Scoping Out JupyterLab Extensions

Over the years, we’ve added quite a few classic notebook extensions to the mix in the environment we distribute to students in our data management and analysis course.

One of the things that has put me off moving to JupyterLab has been the increased complexity in developing extensions, both in terms of the typescript source and the need to familiarise myself with the complex and bewildering JupyterLab framework API.

But if we are to move to JupyterLab components, or if I want to try to make more use of JupyterLite, we are going to need to find some JupyterLab extension equivalents to the extensions we currently use in classic notebooks; or find someone to create them. And on current form, given the chances of the latter are near zero, that means I need to update the extensions myself. So this post is a quick review of already available JupyterLab extensions that might serve as equivalents of the extensions we currently use, or that I could use as cribs for my own extensions.

“Official” cookie cutter and example extension repos are available: jupyterlab/extension-cookiecutter-ts, jupyterlab/extension-examples. The examples repos are filled with dozens and dozens of developer cruft files and it’s not clear which are actually required, of those that are required, whether they are/can be/should be automatically generated (and how), or whether not-essential files can break things if they are laying around and not correct etc etc. This is a confusing and a massive blocker to me trying to get started from a position of wanting to have as little to do as possible with formal developer IDEs, build crap, test crap, etc etc. Productivity tool support for “proper devs” in “proper IDEs” is all very well for “proper devs”; but for the rest of us, it’s a hostile “you’re not welcome” signal (think: hostile architecture) and goes very much against a minimum viable example principle where only the bare essentials are included in the repo…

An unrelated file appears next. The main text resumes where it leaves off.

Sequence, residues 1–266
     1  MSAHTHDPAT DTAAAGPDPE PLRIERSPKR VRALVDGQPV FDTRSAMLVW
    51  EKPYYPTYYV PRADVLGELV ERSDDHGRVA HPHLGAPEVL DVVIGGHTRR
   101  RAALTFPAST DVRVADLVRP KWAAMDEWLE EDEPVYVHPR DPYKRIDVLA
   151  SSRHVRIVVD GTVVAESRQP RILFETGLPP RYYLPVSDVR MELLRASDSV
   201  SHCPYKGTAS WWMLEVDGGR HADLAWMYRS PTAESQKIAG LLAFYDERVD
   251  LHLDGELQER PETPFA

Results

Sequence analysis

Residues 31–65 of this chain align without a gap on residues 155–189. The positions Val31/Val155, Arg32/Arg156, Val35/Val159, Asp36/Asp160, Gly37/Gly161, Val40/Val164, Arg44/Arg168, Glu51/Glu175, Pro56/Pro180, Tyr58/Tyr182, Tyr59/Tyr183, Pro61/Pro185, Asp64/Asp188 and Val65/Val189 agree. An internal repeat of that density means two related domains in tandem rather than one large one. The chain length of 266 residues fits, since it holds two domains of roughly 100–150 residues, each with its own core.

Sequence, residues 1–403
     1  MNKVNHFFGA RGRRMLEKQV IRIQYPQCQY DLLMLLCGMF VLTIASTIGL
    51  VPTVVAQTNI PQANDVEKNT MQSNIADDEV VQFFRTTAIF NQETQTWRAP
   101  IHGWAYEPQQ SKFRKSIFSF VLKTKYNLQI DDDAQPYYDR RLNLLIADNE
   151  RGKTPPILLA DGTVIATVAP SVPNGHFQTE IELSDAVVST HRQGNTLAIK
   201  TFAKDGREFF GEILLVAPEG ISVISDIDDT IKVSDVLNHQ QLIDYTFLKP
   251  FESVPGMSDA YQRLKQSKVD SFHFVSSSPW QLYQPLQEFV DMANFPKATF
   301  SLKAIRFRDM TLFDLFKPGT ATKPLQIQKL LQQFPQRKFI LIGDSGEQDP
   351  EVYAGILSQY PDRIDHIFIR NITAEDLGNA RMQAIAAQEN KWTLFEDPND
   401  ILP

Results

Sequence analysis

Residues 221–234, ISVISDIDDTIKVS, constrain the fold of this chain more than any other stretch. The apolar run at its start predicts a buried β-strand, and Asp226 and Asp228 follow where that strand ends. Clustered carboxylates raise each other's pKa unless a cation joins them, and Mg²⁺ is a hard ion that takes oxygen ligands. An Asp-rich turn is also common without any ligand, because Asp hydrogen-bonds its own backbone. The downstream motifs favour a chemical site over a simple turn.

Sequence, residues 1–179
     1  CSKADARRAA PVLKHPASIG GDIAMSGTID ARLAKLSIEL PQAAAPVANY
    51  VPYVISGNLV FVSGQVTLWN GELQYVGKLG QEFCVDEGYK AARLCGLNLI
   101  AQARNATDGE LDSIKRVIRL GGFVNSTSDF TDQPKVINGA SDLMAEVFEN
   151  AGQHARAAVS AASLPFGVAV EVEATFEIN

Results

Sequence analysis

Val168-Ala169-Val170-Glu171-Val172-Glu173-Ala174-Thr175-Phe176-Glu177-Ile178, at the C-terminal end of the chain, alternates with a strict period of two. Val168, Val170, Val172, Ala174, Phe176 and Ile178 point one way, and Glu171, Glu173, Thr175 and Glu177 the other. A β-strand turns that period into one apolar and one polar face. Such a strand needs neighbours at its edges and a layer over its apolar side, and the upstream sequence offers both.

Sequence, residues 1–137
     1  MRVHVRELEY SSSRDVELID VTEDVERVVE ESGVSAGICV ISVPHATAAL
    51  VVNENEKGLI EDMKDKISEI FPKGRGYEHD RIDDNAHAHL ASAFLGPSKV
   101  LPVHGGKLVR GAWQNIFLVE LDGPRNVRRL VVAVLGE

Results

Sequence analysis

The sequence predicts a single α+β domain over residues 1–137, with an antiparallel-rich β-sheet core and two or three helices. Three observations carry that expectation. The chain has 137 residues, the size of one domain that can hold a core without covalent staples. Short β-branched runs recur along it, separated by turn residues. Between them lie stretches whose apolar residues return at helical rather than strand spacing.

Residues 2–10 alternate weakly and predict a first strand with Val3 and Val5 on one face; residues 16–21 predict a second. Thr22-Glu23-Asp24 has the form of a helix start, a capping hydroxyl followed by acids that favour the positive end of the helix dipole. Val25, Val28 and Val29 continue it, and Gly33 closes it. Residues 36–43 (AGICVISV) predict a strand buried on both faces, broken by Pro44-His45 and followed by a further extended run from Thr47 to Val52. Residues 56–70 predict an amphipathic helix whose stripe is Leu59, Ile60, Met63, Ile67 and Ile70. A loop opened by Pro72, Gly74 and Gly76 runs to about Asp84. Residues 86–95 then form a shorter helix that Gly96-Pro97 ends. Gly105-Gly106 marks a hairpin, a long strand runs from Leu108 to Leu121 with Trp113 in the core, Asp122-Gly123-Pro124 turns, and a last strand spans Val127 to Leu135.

I’m not sure what extension, if anything, is powering the cell tags, which appear to only be accessed via the settings gear in the right hand margin tab list:

If you click on a tag, it seems to disappear, which is a usability nightmare, in my opinion…

Collapsible_Headings: JupyterLab equivalent of classic notebook nbextensions/collapsible_headings extension; note that the value assigned to heading_collapsed metadata is *not* the same in the JupyterLab and classic extensions. In the classic extension, the assignment is to the boolean true; in the JupyterLab extension, the assignment is to the string "true". See this related issue requesting metadata parity across extensions.

jupyterlab-skip-traceback: JupyterLab version of classic notebook nbextensions/skip-traceback extension for collapising error messages beneath error message name header; dozens of files in the repo, no idea which are necessary and which are just stuff;

jupyterlab-system-monitor: “display system information (memory and cpu usage)”, a bit like the classic notebook jupyter-resource-usage (nbresuse as was?) extension;

jupyterlab-execute-time: display cell execution times, similar to classic notebook nbextensions/execute_time extension;